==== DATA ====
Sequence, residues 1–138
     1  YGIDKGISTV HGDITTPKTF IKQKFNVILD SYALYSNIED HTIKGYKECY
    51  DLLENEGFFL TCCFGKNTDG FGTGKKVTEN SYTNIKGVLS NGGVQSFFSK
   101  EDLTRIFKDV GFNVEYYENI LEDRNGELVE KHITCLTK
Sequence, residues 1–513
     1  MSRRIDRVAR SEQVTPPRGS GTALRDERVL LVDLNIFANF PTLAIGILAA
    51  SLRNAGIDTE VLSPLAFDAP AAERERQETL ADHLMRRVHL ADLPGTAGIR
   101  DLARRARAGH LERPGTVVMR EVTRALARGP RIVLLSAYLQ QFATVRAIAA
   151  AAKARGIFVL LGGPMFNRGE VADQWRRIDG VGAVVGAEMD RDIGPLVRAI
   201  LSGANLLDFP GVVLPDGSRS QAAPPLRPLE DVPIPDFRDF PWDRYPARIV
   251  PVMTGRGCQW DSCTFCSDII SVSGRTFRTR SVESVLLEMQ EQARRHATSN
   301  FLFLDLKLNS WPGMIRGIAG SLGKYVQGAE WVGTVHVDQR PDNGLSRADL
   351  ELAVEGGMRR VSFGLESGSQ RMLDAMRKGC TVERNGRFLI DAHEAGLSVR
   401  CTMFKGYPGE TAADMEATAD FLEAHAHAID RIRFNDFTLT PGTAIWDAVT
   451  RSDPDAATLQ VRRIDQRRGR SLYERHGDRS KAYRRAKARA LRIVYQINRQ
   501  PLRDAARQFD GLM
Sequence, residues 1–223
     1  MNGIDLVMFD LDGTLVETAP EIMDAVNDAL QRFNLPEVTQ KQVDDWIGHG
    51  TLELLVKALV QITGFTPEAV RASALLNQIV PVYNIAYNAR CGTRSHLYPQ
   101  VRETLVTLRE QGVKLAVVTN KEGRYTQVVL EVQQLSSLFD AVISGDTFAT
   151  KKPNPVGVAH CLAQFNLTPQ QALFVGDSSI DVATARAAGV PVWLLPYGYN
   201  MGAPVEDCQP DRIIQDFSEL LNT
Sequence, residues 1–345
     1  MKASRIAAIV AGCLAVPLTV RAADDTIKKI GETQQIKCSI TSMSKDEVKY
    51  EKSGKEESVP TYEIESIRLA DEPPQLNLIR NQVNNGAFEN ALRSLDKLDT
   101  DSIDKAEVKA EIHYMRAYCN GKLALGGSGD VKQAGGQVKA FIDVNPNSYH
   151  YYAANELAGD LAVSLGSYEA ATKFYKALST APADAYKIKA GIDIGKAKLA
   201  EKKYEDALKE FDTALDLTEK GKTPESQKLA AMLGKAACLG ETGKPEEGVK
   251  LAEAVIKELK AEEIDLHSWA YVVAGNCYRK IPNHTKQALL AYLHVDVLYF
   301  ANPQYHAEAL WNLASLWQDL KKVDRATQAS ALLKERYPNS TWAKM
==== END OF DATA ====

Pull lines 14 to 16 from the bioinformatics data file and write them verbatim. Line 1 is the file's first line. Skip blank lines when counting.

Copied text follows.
   401  CTMFKGYPGE TAADMEATAD FLEAHAHAID RIRFNDFTLT PGTAIWDAVT
   451  RSDPDAATLQ VRRIDQRRGR SLYERHGDRS KAYRRAKARA LRIVYQINRQ
   501  PLRDAARQFD GLM